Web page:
In a study involving almost 250,000 people, scientists have found a connection between high levels of vitamin D in the blood and the risk of suffering a stroke or a coronary thrombosis, according to a ScienceNordic article.
The findings cannot directly link the two, because it was an observational study. But the study results should not be ignored, says one of the scientists involved.
“It may not provide the definitive truth, but our study does show that we should be aware of the connection,” says Peter Schwarz, a professor from the department of clinical medicine at the University of Copenhagen, in the article.
Christian Gluud, who leads the Copenhagen Trial Unit at the center for clinical intervention research at Copenhagen University Hospital, agrees with Schwarz.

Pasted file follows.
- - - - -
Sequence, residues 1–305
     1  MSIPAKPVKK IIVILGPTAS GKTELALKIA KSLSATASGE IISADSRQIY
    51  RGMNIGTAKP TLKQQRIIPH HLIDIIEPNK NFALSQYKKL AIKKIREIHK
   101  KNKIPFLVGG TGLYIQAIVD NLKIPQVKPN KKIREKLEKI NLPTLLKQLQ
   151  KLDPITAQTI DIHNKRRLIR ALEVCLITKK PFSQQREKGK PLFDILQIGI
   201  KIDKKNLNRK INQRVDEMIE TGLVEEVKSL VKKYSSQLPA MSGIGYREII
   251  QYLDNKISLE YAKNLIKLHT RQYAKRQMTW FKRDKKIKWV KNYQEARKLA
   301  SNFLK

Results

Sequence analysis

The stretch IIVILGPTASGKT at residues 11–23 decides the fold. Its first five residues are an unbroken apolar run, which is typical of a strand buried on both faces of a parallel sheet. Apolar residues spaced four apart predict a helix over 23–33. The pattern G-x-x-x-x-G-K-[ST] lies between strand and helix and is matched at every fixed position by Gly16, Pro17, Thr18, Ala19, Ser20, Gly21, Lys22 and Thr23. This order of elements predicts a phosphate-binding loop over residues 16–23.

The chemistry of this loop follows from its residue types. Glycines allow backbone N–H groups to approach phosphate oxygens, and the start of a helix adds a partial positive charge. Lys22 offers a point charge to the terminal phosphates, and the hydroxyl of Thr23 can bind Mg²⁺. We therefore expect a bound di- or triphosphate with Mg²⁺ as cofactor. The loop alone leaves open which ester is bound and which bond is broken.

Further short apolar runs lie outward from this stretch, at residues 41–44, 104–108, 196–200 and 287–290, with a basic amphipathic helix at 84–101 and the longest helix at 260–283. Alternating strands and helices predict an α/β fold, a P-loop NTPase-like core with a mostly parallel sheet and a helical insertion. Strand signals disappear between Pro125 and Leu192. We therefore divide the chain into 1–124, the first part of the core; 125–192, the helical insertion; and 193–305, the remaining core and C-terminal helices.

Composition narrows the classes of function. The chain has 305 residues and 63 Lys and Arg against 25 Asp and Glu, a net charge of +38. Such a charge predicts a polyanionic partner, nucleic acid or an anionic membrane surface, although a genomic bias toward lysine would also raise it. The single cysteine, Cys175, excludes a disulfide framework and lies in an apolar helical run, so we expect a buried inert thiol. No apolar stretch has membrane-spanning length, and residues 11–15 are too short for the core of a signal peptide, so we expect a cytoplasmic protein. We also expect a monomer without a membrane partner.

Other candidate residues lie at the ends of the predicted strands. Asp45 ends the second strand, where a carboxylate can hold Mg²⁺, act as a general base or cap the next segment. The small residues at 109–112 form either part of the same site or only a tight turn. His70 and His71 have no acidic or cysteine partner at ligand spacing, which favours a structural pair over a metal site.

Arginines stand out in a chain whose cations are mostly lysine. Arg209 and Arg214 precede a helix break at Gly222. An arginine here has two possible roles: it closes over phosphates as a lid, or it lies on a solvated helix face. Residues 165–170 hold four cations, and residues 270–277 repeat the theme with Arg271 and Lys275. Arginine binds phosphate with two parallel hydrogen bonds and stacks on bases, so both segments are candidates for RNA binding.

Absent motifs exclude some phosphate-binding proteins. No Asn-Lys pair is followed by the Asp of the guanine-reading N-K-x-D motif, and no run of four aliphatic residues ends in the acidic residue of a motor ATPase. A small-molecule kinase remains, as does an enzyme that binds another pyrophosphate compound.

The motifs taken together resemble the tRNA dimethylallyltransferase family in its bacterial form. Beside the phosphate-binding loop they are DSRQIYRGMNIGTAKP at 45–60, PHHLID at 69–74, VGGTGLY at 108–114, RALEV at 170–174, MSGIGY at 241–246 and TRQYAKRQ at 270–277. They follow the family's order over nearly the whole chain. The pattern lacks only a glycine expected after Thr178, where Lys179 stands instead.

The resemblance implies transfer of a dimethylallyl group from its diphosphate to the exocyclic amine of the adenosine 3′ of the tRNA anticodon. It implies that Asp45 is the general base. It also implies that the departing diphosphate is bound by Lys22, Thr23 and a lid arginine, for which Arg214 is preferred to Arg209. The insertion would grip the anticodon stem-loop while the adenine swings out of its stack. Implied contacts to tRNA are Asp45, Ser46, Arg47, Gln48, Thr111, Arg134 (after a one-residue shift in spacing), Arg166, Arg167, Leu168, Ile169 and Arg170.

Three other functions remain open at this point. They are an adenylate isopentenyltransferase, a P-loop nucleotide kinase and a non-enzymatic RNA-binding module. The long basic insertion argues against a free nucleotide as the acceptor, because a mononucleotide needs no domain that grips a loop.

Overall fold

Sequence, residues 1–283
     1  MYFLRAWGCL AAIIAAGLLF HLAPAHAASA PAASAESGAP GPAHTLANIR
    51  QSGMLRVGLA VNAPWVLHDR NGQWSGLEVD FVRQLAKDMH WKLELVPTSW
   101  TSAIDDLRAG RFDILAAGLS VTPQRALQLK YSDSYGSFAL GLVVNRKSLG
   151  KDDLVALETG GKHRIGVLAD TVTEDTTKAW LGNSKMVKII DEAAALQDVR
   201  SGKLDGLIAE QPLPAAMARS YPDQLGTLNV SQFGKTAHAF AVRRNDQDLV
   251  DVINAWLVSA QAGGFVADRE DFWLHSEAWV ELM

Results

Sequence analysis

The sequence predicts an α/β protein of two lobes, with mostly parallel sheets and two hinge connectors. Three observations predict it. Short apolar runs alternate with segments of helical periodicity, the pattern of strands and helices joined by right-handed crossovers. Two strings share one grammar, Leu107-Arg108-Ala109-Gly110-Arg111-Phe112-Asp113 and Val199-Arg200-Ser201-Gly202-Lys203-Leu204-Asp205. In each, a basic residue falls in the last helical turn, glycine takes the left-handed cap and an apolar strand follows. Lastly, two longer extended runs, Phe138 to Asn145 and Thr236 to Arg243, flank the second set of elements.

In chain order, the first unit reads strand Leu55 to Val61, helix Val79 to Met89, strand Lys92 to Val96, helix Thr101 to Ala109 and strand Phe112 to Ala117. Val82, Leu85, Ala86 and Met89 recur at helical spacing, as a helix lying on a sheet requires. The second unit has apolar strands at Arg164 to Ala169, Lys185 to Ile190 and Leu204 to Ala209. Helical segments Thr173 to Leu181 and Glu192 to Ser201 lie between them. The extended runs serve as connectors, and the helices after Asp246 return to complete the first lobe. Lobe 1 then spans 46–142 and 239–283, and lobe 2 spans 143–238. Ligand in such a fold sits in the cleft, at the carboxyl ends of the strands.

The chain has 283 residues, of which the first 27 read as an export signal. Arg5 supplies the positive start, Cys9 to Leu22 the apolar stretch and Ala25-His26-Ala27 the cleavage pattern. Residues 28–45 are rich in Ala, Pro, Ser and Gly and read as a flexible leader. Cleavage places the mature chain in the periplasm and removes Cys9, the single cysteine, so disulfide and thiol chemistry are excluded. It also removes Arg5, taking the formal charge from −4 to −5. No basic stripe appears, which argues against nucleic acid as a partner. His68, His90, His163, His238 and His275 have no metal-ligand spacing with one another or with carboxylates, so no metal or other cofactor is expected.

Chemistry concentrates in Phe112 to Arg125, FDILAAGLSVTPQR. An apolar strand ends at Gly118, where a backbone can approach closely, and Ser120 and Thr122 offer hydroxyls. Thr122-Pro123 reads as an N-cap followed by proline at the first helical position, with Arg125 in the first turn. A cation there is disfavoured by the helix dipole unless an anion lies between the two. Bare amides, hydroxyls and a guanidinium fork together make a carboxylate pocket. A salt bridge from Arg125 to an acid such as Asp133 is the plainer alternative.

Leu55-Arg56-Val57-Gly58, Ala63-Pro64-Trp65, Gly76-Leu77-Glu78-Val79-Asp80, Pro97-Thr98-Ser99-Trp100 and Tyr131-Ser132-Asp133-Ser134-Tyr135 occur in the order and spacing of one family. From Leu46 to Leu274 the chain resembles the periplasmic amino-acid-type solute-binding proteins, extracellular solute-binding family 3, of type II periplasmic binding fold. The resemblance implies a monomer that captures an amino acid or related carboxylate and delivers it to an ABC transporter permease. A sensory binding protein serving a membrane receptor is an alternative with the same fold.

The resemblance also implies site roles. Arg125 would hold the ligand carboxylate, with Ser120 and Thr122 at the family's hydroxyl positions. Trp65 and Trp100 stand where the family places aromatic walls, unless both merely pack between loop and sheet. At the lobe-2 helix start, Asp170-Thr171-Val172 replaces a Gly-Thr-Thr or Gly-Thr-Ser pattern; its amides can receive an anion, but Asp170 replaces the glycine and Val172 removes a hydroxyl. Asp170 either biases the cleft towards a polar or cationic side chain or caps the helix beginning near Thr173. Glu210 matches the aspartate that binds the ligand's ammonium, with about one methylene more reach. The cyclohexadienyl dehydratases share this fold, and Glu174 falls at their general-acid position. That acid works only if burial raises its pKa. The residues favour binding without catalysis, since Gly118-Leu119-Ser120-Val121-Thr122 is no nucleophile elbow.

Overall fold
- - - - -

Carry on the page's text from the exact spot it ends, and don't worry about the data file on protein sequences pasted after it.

“Finding a link in an observational study is not evidence enough, but in my mind the study is interesting,” Gluud says. “When I look at the results I think to myself: ‘This makes sense, because it perhaps reflects what we’ve previously seen in a systematic overview of randomised clinical tests,’” adds Gluud, who was not involved in the new study.
The researchers also discovered that it is very difficult to get vitamin D levels balanced correctly. Increased mortality also applied to participants with excessively low levels of vitamin D in their blood. Those who fared best were in between.
“In the case of low levels the effect is if possible even more apparent. It just isn’t particularly new — so nobody doubts any longer that vitamin D deficiency is bad for people,” says Schwarz. “What is significant is that the same also applies to high levels.”